The Global Fund’s impact on the health of women and girls

In December, the Global Fund released, “Maximizing Impact through Strategic Investments: Improving the Health of Women and Girls.” This analysis of the Fund’s gender equality strategy and action plans provides a look at how Global Fund investments change the realities of women and girls across the world.

The Global Fund’s work on the three epidemics plays a significant role for women and girls. When AIDS-related deaths peaked in 2004, female deaths due to the disease outnumbered male deaths by more than 100,000. The Global Fund partnership and the larger global health community’s work to fight HIV/AIDS has helped to close that gap – by 2014, there were approximately 40,000 fewer HIV/AIDS deaths for women than men.

But there is still a lot of progress to be made. HIV/AIDS remains the leading cause of death for women between the ages of 15 and 44. Women in southern Africa are twice as likely to be living with HIV/AIDS than men. Additionally, tuberculosis (TB) is one of the leading causes of death for women of reproductive age.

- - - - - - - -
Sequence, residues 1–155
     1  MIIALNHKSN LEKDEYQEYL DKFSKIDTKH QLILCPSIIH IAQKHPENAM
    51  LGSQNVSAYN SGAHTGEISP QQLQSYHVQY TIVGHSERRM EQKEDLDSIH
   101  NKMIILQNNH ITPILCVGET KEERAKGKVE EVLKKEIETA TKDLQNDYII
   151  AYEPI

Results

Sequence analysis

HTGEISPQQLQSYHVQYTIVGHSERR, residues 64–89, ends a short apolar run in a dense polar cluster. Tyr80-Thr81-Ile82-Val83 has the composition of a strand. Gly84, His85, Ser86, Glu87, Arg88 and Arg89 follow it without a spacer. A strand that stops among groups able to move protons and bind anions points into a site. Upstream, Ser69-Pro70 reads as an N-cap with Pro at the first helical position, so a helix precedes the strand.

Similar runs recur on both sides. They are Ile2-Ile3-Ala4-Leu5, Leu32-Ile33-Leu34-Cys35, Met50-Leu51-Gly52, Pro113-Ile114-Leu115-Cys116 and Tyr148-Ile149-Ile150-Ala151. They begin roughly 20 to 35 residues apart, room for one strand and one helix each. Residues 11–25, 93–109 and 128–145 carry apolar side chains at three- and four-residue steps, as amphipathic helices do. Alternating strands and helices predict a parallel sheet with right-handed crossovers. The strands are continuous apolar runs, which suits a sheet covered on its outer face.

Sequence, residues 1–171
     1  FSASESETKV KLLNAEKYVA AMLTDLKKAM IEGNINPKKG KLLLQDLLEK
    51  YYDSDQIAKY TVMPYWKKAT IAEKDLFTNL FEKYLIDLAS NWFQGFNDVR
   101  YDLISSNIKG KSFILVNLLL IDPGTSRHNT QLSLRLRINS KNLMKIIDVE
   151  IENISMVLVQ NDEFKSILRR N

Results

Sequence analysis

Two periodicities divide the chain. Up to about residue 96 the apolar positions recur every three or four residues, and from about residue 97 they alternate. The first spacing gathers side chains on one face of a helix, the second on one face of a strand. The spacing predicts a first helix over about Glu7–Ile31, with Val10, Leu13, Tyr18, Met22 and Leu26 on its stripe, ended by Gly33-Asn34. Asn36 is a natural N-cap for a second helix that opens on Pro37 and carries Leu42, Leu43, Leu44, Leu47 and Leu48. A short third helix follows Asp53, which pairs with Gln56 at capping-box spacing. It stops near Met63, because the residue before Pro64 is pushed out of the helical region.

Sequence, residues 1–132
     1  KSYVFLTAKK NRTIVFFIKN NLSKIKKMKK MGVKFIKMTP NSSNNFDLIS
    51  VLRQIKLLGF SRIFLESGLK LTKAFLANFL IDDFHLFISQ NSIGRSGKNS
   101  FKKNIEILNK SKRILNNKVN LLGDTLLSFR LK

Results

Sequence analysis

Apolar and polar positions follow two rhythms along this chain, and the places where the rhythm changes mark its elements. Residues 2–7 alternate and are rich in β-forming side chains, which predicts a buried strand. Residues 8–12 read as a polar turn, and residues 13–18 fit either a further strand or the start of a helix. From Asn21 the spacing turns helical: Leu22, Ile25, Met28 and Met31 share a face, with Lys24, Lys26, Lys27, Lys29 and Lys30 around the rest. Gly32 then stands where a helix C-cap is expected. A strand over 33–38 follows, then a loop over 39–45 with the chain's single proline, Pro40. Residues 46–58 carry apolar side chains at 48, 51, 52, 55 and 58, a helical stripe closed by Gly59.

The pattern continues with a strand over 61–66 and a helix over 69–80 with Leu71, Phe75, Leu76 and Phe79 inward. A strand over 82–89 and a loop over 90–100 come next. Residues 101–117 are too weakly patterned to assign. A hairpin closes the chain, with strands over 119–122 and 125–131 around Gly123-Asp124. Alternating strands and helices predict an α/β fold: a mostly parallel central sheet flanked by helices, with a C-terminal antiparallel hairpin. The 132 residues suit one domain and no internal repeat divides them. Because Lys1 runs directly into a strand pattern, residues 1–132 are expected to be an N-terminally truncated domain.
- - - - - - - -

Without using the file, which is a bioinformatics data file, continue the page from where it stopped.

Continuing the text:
To fight these epidemics, the Global Fund is investing strategically in programs that focus on reaching and treating women and girls. In Kenya, for example, Global Fund financing has supported the addition of TB screening services to programs that help prevent mother-to-child transmission of HIV. As a result of this programming, there has been a 43 percent increase in the number of women screened for TB during antenatal care visits at which they were also tested for HIV.

The Global Fund is showing how targeted initiatives that benefit women and girls can help bring about greater integration of services and have broader applications for health.